Project-in-Focus: Designing Suspension Bridges on the Sea to Sky Trail
March 13, 2018 |
Have you ever hiked or biked near Whistler, B.C.? If so, you have likely been on the Sea to Sky Trail, a 180 km multi-use trail open year-round for all types of activities, including running, hiking, biking, and even snowshoeing. The trail, part of the Trans-Canada Trail, starts at sea-level in Squamish, goes through Whistler and ends at the community of D’Arcy. In 2015, the Resort Municipality of Whistler (RMOW) retained Klohn Crippen Berger (KCB) to design and manage the construction of two new pedestrian suspension bridges on the trail, over the Cheakamus River near Whistler. One of the RMOW’s goals is to develop a world-class trail network to enhance the experience of trail users. Bridge aesthetics was therefore an important design factor.
Sea to Sky and Train Wreck Bridges
The first new bridge, the Sea to Sky Bridge, replaces a deteriorated forestry bridge that was closed to the public due to safety concerns. KCB designed a 55 m long suspension bridge for the new crossing. The main bridge cables were anchored into bedrock using drilled-in pairs of rock anchors for each cable. The bridge deck was built with rough cedar planks supported by steel crossbeams and cable hangers. Additional cables were strung along the bridge to act as a railing system. Different height towers inclined backwards from the river were designed to fit the constrained bridge site, creating an interesting and appealing structure.
A second suspension bridge, the Train Wreck Bridge, was built 2 km upstream of the Sea to Sky Bridge. Our team designed a 36 m long catenary cable suspension bridge with four main catenary cables. The two top cables act as handrails and the two bottom cables support the timber decking. Rough cedar was selected for the decking invoking the impression of railway ties. Great care was taken in every design detail to ensure a clean and attractive design.
The Train Wreck Bridge allows safe access to one of Whistler’s popular attractions, a historic train derailment site featuring graffiti-covered train cars. For years, the only access to the site was by a dangerous route along CN Rail tracks. The new bridge allows easy access to the site from the Sea to Sky Trail and other popular hiking and biking routes in the area.
Design Challenges and Solutions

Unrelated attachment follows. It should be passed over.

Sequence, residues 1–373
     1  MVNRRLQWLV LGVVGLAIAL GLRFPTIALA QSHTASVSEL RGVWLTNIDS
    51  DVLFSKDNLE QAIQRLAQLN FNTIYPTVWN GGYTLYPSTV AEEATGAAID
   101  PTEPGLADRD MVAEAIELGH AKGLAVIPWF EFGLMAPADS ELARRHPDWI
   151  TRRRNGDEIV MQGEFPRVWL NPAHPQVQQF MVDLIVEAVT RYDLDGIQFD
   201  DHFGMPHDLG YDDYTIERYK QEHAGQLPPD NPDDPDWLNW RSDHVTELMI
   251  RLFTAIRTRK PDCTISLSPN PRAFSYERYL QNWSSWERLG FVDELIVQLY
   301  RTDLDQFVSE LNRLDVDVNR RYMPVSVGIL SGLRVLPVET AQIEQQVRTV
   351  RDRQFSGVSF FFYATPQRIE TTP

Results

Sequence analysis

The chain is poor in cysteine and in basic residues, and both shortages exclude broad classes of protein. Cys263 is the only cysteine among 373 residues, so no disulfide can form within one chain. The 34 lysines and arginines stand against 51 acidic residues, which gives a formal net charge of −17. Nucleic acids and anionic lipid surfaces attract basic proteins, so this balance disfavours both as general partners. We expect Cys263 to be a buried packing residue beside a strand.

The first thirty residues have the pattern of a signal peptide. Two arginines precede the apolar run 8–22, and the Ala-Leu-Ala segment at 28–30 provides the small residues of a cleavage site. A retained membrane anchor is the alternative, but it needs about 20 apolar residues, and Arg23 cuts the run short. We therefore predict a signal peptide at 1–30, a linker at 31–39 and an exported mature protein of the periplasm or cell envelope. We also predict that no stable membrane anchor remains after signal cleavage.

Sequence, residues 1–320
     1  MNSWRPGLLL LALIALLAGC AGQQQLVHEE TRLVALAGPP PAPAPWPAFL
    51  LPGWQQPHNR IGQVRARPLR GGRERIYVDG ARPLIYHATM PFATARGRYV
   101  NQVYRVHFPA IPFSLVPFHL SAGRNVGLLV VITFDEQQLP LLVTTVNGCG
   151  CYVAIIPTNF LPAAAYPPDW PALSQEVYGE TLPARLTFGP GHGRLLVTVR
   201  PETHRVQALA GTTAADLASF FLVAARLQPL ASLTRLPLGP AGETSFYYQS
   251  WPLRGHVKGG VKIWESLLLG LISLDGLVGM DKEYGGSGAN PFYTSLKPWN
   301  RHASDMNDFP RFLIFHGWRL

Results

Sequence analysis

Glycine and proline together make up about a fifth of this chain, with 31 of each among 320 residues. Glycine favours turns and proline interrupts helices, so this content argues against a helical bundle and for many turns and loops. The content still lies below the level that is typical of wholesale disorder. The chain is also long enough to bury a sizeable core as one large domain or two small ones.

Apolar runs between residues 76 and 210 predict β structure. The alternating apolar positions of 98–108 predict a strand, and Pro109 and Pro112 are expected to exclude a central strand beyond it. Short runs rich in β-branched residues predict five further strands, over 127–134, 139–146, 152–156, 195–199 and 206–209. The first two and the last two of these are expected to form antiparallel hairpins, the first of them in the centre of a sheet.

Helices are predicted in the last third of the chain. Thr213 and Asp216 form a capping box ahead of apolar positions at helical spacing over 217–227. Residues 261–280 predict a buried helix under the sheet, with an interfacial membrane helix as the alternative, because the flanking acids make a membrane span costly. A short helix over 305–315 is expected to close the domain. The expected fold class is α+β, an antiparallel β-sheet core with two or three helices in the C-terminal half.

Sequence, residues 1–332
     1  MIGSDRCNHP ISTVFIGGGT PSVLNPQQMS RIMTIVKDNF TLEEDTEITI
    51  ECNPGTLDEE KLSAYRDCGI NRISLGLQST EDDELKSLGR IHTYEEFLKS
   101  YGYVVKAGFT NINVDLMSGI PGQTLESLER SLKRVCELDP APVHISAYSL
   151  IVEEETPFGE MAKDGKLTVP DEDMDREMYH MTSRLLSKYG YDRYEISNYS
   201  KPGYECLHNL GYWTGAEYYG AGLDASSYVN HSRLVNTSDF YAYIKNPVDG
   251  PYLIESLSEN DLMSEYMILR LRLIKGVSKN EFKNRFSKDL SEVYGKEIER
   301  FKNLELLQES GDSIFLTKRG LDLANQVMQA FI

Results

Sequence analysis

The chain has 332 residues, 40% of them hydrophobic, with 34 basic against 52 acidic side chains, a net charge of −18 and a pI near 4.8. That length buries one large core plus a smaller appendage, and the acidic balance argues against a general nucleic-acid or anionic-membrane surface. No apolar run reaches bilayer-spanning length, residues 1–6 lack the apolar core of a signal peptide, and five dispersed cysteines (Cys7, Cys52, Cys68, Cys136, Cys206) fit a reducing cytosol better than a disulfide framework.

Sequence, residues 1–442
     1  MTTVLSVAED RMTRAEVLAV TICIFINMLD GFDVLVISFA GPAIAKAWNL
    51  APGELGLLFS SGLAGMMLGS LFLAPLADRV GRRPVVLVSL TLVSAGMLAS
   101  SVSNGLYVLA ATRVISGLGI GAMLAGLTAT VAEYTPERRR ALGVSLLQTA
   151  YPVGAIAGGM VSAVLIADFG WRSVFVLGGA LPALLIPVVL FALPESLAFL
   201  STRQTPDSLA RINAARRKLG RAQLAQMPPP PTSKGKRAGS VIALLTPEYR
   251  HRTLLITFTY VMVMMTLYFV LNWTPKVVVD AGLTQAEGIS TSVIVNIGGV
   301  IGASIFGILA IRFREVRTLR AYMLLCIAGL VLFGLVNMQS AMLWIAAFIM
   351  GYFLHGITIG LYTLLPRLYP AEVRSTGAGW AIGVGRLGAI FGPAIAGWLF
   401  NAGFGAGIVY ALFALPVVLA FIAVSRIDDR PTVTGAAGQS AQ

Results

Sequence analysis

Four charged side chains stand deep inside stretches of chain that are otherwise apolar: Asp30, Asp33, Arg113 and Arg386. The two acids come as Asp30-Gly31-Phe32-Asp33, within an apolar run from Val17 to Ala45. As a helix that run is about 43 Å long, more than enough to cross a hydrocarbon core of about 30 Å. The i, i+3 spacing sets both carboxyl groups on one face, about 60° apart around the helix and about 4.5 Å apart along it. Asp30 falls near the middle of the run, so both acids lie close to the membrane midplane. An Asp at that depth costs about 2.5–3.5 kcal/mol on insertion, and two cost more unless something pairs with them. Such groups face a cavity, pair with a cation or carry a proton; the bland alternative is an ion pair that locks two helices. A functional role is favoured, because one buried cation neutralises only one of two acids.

The Sea to Sky Bridge site presented the following design challenges:
- A forestry road on the south side of the river reduced the space available to build the bridge abutment.
- The bedrock for anchoring the bridge cables was irregular and unreliable on both sides.
- The river was relatively wide at the selected bridge location.
Consequently, both towers were inclined backwards to allow for a steeper backstay angle for the main cables, allowing them to be anchored closer to the ends of the bridge. This created room for the forestry road to remain in service and ensured that the cables at the north side could be anchored into bedrock.
Galvanized steel was used for the bridge components to ensure a long design life and minimize maintenance requirements. Locally-sourced cedar used for the decking contributed to the rustic appeal of the bridge.
The Train Wreck Bridge site presented the following design challenges:
- The site was accessible only by foot, so materials and equipment for the bridge required helicopter fly-in.
- The bridge components needed to be within the weight limit of available helicopters.
- The new bridge site was over a deep canyon, making back-and-forth crossing of the river impractical before the bridge was installed.
KCB designed the bridge abutments using relatively light steel components to facilitate assembly without heavy equipment. The rock anchors used to secure the abutments and anchor the main bridge cables were sized so that they could be installed using a mini air-track drill and air compressor small enough to be helicoptered to site.
The final construction cost of the Train Wreck Bridge was well within the RMOW’s budget. The bridge’s design is a remarkable combination of engineering efficiency and aesthetic design, and shows that with a little skill and imagination, bridge designs can be both economical and beautiful.
Environmental, Economic and Social Benefits
Sustainability was considered in all aspects of the project. The final bridge designs have a very small footprint, minimizing the amount of tree clearing required at the bridge sites and adjacent paths. Significant effort was made to eliminate the need for concrete poured near the environmentally sensitive Cheakamus River, by using rock anchors and built-up steel abutments instead. Locally-sourced natural material, such as cedar decking was used whenever possible, and durable components such as galvanized steel was used to reduce future replacement requirements. This allowed the designs to blend seamlessly into the surroundings. In addition, the playful inclusion of train wheels and track elements for the Train Wreck Bridge creates a standout design, which is as much of an attraction as the colourful train wreck cars that it leads to.
The bridges, which opened to the public in 2016, have become favourite destinations for many, including school children on field trips, photographers, tourists, and locals alike. They provide long-term safe and convenient access to some of Whistler’s most important outdoor recreation assets. They also contribute to the development of tourism and the local economy by linking key trail segments and providing access to nature for all trail users to enjoy. Our team is proud to have participated in this rewarding project that will directly benefit British Columbians for decades to come.For further information about this project, please contact us at firstname.lastname@example.org or 604.669.3800.